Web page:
As the lead pastor and co-founder of Life360 Intercultural church, Reverend Saehee Duran has made it her mission to bring multicultural voices, experiences and views to 417-land. An immigrant from South Korea, Duran has 10 years of theological education,18 years of ministry experience at local, regional and national levels, and is currently completing her doctorate in ministry. “In 2015, my husband and I founded Life360 Intercultural church as part of his doctoral project,” Duran says. “Since then, we’ve hosted people from more than 72 nations.” Duran is now pastoring the only intercultural church in Springfield and is one of the area’s few female, ethnic minority lead pastors.
In 2019, Duran chaired Springfield’s very first city-wide outdoor international event called SGF CultureFest with various local business and organization partners and sponsors. The six-hour event hosted more than 3,000 visitors on Commercial Street. “I believe our city is well poised for the next great thing to continue this effort to celebrate, collaborate and cultivate ethnic diversity,” Duran says.
Duran has lived in Springfield for the past 12 years where she has also been an adjunct professor at Evangel University, the Springfield police chaplain, co-chair of the mayor’s initiative on equity and equality, a board member of Assemblies of God US missions, a national training coordinator at the Network of Women Ministers and the Vice President of Korean-English Fellowship.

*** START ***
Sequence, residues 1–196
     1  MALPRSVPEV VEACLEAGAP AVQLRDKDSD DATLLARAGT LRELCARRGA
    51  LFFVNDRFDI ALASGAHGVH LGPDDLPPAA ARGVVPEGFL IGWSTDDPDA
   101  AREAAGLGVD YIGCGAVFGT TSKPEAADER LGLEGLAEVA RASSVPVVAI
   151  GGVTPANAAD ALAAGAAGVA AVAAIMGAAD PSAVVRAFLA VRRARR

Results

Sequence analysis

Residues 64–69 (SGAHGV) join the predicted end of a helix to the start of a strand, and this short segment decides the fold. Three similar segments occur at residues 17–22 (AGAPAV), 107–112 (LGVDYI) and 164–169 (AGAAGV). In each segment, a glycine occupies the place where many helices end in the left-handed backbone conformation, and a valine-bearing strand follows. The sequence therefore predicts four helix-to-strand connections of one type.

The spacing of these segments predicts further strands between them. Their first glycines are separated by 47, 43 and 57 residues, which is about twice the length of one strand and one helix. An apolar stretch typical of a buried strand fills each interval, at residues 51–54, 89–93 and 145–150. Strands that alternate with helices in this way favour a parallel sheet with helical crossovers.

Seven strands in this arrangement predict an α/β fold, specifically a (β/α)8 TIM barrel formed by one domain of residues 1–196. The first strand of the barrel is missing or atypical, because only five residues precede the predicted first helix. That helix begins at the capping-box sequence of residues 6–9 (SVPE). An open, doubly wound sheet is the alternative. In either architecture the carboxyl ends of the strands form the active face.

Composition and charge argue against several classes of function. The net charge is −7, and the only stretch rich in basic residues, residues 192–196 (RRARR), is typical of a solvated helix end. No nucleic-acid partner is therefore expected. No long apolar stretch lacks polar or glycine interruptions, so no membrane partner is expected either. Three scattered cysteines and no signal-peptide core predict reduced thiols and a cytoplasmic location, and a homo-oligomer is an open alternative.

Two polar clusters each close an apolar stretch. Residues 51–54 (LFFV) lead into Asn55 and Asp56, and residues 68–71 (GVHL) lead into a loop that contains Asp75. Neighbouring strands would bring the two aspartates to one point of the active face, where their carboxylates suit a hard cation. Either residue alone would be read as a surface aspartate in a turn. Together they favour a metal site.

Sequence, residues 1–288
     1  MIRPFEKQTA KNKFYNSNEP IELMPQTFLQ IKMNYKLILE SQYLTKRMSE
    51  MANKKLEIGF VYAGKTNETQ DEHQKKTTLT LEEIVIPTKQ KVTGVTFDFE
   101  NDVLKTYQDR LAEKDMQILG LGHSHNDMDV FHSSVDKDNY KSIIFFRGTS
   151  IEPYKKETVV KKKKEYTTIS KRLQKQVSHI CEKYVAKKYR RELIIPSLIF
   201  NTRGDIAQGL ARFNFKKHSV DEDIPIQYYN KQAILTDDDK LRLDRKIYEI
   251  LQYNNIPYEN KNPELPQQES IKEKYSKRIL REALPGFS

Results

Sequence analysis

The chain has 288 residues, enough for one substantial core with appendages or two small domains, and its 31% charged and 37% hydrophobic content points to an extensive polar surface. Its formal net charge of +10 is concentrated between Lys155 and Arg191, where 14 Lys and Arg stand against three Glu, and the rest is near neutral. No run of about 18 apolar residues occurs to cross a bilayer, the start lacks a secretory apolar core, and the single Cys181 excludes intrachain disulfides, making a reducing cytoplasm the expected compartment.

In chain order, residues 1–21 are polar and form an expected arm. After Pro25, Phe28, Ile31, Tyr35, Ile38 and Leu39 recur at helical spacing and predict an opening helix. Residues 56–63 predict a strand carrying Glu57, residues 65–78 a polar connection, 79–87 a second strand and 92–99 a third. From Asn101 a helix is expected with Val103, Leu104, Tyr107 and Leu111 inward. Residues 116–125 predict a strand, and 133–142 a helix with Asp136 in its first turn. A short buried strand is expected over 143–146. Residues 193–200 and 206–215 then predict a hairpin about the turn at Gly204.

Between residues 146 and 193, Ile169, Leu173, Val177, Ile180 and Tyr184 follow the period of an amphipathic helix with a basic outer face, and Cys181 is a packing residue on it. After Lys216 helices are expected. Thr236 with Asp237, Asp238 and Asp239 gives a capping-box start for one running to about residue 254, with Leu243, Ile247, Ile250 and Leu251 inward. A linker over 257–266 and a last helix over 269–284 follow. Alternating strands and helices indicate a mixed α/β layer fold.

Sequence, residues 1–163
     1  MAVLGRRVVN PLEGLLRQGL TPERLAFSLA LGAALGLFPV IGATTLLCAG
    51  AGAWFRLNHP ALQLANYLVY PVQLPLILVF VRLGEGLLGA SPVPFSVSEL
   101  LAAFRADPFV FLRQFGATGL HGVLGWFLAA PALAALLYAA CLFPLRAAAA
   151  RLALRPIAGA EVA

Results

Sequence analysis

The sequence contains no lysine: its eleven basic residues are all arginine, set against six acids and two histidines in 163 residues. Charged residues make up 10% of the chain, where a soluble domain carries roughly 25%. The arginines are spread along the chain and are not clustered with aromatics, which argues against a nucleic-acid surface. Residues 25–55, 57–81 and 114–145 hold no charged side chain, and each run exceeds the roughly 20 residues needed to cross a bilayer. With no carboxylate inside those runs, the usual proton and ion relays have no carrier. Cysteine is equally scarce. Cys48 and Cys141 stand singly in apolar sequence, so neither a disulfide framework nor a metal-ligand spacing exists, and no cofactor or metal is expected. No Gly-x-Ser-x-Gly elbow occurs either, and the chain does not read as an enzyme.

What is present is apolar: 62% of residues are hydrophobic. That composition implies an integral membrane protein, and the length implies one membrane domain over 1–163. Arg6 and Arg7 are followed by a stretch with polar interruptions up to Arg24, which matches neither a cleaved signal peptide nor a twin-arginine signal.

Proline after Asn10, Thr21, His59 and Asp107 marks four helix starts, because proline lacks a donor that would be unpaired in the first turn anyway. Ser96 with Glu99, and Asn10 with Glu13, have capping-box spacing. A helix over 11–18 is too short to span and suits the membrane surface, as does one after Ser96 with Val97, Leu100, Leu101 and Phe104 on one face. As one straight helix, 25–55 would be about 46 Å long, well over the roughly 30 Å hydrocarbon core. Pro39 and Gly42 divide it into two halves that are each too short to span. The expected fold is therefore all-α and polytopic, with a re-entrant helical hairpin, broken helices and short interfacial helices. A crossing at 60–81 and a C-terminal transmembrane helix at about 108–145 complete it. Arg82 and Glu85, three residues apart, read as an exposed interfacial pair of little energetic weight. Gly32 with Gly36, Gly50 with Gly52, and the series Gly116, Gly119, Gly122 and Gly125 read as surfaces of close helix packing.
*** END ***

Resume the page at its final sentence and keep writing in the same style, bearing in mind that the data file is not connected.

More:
Duran and her husband are currently working on a multiethnic center that will showcase the rich ethnic diversity in Springfield. The center will house international food courts, ethnic stores and organizations; provide music, art, dance and language taught by natives of the countries they represent and provide a first-class global-minded preschool for low-income families. “The vision is to normalize and celebrate ethnic diversity in our city as a positive way to challenge systemic racism and change the cultural narrative toward greater harmony, unity and mutual love,” Duran says. The working name for this facility is “SGF Multiethnic Legacy Center,” and the couple is eyeing a property at the heart of downtown Springfield where an infamous lynching took place in 1906.
Duran acknowledges the challenges she faces with this vision but is hopeful she can help make a difference. “It will be unwise and unrealistic to think that a multiethnic center will solve the historical issues of systemic racism overnight,” she says. “But it certainly is a right step toward much-needed change through normalizing and celebrating ethnic diversity in our city for the sake of generations today and tomorrow.”